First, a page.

SCHAUMBURG, Ill. — A rise in gas prices translates into a significant increase in the market share of the small-car economy segment, but a decrease in the full-sized pickup truck segment, according to study conducted by Experian Automotive over a five-year period.
The analysis showed the biggest market share gainer to be the small-car economy segment, with its market share rising by 0.7 percent for every dollar increase in fuel price. This means that if gas prices increased by $1, in an average month with 1 million unit sales, the small-car economy segment volume would increase by 7,000 units. Conversely, the same price increase would cause the full-size pickup truck segment to lose 0.5 percent market share.
With approximately 18,000 new-vehicle dealers in the country, these findings show that on average, a $1 spike in a gallon of fuel means every dealer in the nation could see one more small-car economy vehicle sale approximately every three months.
“Everyone knows that a rise in fuel prices changes consumer purchasing behavior,” said Erik Hjermstad, lead analytic consultant for Experian Automotive. “But the question is, how are various segments influenced by a specific rise in fuel prices? In some cases, the shift in market share can be significant.”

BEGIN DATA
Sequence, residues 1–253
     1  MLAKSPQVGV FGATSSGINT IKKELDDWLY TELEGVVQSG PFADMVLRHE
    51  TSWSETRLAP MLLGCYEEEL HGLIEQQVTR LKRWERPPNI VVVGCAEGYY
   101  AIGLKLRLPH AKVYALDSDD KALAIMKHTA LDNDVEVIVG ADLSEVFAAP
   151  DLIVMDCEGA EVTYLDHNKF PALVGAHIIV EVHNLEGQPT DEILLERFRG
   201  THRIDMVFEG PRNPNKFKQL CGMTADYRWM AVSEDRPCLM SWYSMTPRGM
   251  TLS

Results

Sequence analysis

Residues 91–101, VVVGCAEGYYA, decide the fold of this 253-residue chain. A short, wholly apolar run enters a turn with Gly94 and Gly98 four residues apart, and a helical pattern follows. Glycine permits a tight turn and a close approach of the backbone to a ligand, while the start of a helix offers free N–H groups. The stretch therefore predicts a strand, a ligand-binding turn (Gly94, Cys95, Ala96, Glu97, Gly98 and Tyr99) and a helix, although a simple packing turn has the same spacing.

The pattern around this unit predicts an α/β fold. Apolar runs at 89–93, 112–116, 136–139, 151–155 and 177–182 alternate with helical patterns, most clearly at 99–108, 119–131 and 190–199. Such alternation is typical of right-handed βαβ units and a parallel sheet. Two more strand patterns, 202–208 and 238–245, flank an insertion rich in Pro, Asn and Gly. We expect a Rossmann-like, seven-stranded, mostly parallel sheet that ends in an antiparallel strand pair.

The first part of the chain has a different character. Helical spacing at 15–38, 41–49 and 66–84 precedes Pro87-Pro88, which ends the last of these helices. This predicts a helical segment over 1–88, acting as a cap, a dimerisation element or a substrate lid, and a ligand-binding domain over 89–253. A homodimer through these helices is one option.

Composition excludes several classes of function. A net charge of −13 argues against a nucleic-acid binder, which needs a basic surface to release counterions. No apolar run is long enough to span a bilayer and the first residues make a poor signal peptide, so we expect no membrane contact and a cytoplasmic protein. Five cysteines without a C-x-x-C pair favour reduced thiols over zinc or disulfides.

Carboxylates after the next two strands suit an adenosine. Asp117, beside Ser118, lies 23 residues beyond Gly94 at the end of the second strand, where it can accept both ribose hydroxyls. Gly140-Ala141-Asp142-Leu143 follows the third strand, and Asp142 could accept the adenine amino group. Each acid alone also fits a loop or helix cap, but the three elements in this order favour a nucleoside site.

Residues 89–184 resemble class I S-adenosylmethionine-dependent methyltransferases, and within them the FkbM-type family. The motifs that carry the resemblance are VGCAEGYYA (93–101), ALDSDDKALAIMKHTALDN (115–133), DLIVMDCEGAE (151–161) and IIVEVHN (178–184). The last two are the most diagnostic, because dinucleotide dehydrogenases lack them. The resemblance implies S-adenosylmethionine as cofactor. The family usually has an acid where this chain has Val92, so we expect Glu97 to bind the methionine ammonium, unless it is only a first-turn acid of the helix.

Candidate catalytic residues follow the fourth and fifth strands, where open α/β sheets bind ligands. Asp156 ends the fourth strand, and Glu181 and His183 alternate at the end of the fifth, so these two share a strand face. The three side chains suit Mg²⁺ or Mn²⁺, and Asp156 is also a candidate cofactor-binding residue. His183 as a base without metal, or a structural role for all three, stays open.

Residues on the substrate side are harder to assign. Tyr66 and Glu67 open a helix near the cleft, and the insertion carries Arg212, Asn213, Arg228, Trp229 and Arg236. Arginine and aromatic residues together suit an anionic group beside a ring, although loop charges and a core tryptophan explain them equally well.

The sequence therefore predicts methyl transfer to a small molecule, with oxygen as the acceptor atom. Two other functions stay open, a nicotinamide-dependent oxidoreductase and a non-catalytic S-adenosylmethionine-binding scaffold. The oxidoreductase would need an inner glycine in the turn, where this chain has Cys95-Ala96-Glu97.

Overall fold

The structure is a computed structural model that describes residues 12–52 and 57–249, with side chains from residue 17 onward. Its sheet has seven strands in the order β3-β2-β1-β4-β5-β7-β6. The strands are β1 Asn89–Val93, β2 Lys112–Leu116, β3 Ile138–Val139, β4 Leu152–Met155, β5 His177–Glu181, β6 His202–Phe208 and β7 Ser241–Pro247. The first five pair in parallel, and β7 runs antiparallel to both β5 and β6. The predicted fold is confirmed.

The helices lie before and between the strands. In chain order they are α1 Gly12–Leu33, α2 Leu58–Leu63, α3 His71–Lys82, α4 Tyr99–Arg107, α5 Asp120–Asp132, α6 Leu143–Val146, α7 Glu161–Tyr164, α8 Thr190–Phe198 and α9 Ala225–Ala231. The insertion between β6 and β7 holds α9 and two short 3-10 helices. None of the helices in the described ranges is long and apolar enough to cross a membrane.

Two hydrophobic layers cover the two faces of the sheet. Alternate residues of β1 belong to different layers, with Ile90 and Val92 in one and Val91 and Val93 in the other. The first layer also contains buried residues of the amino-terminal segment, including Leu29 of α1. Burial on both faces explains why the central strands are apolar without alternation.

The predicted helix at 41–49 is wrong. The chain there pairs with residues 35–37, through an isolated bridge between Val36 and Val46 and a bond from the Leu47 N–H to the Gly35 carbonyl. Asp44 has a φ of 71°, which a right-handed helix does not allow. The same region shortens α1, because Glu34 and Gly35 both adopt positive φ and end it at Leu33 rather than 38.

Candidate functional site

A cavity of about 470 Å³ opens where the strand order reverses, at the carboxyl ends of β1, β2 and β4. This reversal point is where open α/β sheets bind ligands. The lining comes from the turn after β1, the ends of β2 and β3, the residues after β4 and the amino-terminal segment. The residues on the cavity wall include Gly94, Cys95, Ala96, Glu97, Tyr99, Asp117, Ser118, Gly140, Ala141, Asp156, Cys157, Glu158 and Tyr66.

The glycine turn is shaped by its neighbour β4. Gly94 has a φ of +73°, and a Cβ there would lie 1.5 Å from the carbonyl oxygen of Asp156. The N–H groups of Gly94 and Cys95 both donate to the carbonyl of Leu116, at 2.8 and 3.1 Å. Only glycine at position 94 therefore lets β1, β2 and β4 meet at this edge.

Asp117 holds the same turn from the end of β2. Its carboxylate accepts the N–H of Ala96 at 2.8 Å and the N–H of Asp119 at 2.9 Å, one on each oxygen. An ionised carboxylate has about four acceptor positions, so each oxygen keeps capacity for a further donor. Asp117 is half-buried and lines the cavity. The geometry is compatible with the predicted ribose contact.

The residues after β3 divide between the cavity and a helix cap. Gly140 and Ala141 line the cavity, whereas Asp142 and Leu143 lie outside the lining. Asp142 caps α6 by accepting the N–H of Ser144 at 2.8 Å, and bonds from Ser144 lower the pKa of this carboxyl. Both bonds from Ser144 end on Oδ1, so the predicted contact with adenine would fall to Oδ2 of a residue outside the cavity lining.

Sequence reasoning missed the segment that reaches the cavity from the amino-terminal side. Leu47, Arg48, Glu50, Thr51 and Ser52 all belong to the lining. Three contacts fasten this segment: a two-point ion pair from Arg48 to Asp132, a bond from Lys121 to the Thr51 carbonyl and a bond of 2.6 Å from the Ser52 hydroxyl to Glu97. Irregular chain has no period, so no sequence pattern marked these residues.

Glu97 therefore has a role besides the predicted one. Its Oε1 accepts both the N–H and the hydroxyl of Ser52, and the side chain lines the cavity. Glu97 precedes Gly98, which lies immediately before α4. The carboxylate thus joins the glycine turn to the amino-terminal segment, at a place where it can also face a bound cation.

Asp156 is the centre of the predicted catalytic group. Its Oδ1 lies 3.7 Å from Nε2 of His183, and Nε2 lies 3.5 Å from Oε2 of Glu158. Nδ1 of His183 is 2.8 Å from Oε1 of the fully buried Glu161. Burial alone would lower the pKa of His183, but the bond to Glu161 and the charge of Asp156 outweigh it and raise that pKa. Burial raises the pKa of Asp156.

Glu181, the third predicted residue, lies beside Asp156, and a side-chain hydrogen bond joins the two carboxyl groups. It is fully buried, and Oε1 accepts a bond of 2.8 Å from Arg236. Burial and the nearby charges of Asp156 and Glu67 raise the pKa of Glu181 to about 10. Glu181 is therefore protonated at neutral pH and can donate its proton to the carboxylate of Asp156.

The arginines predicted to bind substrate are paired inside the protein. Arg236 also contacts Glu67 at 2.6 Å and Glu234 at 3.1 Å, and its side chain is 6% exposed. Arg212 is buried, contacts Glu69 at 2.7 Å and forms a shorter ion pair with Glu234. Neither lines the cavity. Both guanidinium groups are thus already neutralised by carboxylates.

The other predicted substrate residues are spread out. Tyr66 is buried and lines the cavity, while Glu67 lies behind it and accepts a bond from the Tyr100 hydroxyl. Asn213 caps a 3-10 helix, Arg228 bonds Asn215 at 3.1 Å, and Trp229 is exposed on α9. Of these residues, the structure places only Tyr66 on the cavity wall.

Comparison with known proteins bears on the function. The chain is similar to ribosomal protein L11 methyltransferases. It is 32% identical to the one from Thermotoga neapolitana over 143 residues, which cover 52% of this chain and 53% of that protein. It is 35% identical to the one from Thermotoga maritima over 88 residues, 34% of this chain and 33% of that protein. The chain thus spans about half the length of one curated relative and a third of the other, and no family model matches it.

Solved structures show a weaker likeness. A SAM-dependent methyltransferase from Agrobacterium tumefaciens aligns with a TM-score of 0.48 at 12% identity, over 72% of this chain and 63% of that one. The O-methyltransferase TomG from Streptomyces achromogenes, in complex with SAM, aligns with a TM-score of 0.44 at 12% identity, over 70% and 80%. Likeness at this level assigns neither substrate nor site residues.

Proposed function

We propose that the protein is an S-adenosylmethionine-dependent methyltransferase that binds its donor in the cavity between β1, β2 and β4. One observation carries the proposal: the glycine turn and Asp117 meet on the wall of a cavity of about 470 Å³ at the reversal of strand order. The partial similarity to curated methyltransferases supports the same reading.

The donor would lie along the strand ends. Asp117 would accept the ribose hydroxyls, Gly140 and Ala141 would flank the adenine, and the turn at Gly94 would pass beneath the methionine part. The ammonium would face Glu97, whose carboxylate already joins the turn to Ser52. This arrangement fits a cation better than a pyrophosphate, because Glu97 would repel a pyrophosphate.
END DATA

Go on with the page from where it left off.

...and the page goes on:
Furthermore, sales of hybrid trucks actually fell by 0.1 percentage points. Hybrid cars went up by just 0.2 percentage points, and electric vehicle sales were up by only 0.1 percentage points. While these vehicles are still likely to be solutions to long-term transportation challenges, currently, there is low market demand, even when gas prices increase significantly.
“While higher fuel prices tend to get people talking, actual consumer behavior is affected primarily at the vehicle segment level. What this means for dealers is not necessarily a change in the number of vehicles sold, but rather a shift in which vehicles people are buying,” Hjermstad said. “Smaller cars definitely pick up market share, and full-size pickup trucks and SUVs definitely see a downturn. But, the magnitude of these shifts is also a function of how quickly gas prices increase or decrease.”
Hjermstad also suggested that dealers who closely monitor their market and have a better understanding of the vehicle sales in their region will be in a better position to react to fuel price changes, making better business decisions that keep sales up and inventory at the right level to meet demand.